Palmitoylethanolamide, or PEA, is supplying another alternate path to treat chronic pain symptoms for patients seeking natural remedies
It is almost impossible these days to turn on a TV, read a magazine, or go online without coming across a news segment or article about the current opioid crisis in the United States. In 2015, as many as 126 million adults reported experiencing pain in the previous three months, with more than 11% (more than 25 million) reporting daily chronic pain during that time period.
Furthermore, more than 10 % rated their pain as severe.1
Unfortunately, standard treatment for chronic pain often involves opioids, which can lead to addiction or death by overdose. A 2017 government report found that as many as 25% of patients with non-cancer chronic pain struggled with addiction to long-term prescription opioids. This had increased from a previous report stating that almost 2 million Americans were addicted to prescription opioids.2
For these patients, nonaddictive alternatives, such as cannabidiol CBD or palmitoylethanolamide (PEA), may be viable means of pain control. While there is a healthy body of research on CBD, research on PEA is still ongoing. What is PEA? What is its mechanism of action? What does the research show about its efficacy and comparison to CBD?
Fatty acid PEA
Palmitoylethanolamide (PEA) is a fatty acid that the body produces to reduce certain chronic pain and inflammatory conditions, including diabetic and chemotherapeutic neuropathy, carpal tunnel syndrome, sciatic pain, osteoarthritis, low-back pain, dental pain, neuropathic pain from stroke and multiple sclerosis, pelvic pain, post-herpetic neuralgia, and vaginal pain.4
PEA binds to certain receptors to turn off pain and inflammatory responses. Its main target is thought to be the peroxisome proliferator-activated receptor alpha (PPAR-α), which regulates genes that control pain and inflammation. In doing this, it switches off a particular set of signals that are pro-inflammatory.4
What does the research say?
A 2012 article in the Journal of Pain Research presented a case series of seven patients treated with PEA after standard therapies to treat pain and inflammation failed.4
The researchers concluded that PEA appeared to be a promising addition to similar analgesics for treating various chronic pain conditions. In addition, they found that the odds of serious side effects or adverse drug interactions were minimal, as PEA is also found in certain dairy foods, such as eggs and milk.4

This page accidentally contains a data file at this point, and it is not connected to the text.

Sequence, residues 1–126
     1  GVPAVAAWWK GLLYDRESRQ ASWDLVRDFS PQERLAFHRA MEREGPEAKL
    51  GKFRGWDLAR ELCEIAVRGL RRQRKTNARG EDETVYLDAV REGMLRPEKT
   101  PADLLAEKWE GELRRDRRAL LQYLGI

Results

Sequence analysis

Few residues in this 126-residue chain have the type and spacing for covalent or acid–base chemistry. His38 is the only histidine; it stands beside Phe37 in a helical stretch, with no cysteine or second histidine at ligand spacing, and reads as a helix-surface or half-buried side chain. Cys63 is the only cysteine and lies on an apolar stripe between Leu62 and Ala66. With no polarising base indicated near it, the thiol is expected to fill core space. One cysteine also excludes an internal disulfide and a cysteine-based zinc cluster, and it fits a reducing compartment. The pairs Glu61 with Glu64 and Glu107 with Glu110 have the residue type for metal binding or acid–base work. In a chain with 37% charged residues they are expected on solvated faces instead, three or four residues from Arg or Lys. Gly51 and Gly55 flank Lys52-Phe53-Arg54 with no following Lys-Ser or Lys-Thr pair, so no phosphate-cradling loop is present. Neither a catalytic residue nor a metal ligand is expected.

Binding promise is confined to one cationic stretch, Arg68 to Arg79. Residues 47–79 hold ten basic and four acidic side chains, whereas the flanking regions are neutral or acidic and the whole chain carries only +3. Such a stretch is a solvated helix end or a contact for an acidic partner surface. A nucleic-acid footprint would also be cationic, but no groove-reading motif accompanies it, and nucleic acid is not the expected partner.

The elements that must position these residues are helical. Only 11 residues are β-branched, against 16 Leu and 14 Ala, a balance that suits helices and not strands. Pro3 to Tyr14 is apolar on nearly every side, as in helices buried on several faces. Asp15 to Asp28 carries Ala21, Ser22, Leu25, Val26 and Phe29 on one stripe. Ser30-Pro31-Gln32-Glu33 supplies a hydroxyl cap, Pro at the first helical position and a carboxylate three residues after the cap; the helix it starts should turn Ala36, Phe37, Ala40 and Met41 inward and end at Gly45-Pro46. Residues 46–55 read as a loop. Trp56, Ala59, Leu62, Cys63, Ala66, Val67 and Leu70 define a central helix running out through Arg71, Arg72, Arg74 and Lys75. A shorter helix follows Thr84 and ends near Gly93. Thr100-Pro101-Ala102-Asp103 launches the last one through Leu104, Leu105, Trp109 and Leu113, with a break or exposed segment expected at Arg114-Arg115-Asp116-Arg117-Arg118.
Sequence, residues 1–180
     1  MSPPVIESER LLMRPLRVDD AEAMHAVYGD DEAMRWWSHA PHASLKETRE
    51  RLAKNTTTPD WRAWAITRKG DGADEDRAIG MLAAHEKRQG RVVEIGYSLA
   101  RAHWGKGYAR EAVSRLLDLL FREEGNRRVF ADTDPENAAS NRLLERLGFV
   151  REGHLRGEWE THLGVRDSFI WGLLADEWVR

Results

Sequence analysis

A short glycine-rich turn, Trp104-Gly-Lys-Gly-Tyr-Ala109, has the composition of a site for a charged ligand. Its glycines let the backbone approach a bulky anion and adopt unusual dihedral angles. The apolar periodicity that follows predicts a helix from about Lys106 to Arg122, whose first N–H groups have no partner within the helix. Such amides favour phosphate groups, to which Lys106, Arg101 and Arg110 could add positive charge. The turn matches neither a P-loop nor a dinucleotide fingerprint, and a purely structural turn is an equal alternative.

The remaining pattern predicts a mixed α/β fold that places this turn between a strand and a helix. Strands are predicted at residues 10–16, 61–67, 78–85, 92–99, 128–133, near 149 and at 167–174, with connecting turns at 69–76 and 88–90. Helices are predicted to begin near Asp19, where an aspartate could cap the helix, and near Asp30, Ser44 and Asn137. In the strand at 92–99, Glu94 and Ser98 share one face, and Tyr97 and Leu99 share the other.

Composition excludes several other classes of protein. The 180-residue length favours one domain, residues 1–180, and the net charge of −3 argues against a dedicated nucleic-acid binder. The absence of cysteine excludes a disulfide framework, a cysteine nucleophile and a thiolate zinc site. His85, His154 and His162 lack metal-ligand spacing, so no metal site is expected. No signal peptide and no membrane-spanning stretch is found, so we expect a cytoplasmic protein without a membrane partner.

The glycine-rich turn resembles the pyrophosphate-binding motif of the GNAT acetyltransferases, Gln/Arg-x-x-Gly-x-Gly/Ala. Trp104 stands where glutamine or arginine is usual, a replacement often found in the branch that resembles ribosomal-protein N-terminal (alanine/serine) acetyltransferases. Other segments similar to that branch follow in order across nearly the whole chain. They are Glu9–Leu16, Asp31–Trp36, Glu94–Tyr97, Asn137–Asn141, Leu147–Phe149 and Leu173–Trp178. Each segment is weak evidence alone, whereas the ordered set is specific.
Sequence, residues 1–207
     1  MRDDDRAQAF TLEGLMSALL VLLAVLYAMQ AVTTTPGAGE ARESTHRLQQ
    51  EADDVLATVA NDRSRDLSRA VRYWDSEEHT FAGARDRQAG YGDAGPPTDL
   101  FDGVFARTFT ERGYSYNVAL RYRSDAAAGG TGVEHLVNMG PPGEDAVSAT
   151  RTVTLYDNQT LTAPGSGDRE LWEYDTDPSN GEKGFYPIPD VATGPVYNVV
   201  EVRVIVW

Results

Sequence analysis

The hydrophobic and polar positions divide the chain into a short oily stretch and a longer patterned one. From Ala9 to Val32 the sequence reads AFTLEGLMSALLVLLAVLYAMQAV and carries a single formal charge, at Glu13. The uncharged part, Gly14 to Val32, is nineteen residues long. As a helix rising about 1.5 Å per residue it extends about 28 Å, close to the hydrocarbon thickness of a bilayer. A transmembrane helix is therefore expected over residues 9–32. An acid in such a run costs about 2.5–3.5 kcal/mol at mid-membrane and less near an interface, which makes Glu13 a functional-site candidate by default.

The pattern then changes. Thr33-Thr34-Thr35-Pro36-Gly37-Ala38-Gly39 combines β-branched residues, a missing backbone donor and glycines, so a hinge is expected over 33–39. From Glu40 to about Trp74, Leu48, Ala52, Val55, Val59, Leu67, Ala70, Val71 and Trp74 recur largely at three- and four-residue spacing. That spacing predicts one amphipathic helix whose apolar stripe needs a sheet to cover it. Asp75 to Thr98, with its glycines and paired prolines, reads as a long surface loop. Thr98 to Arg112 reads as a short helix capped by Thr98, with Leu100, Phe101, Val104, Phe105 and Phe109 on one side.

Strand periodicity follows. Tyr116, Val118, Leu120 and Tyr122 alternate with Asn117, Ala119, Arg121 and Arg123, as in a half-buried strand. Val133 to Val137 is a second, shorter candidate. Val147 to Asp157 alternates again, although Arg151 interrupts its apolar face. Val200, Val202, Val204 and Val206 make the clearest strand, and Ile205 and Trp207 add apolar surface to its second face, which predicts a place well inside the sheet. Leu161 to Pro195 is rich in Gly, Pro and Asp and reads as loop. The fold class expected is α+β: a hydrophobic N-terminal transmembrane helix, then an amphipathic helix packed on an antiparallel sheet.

A 2016 article in the British Journal of Clinical Pharmacology reviewed the findings from a group of 23 papers on the efficacy and safety of PEA, in order to determine a pattern of similarity among the findings.5
The researchers concluded: “The available clinical data support the contention that PEA has analgesic actions and motivate further study of this compound, particularly with respect to head‐to‐head comparisons of unmicronized vs. micronized formulations of PEA and comparisons with currently recommended treatments.”
With the current state of the opioid crisis, you should expect to see an increase in the number of patients in your practice who are seeking alternate ways to treat their chronic pain symptoms. PEA supplements may well provide them with the relief they seek.
- Nahin RL. Estimates of pain prevalence and severity in adults: United States, 2012. Journal of Pain. 2015;16(8):769-780.
- Woods R. Opioid-crisis cost revised to $504 billion in six-fold surge. Bloomberg. https://www.bloomberg.com/news/articles/2017-11-20/trump-economists-say-opioid-crisis-much-bigger-than-envisioned Published November 2017. Accessed Aug. 14, 2019.
- CDC Prescription Opioid Overdose Data. https://www.cdc.gov/drugoverdose/data/overdose.html Centers for Disease Control and Prevention. Updated November 2017. Accessed Aug.14, 2019.
- Hesselink JM, Hekker TA. Therapeutic utility of palmitoylethanolamide in the treatment of neuropathic pain associated with various pathological conditions: A case series. Journal of Pain Research. 2012;5:437-442.
- Gabrielsson L, Mattsson S, Fowler CJ. Palmitoylethanolamide for the treatment of pain: pharmacokinetics, safety and efficacy. British Journal of Clinical Pharmacology. 2016;82(4):932-942.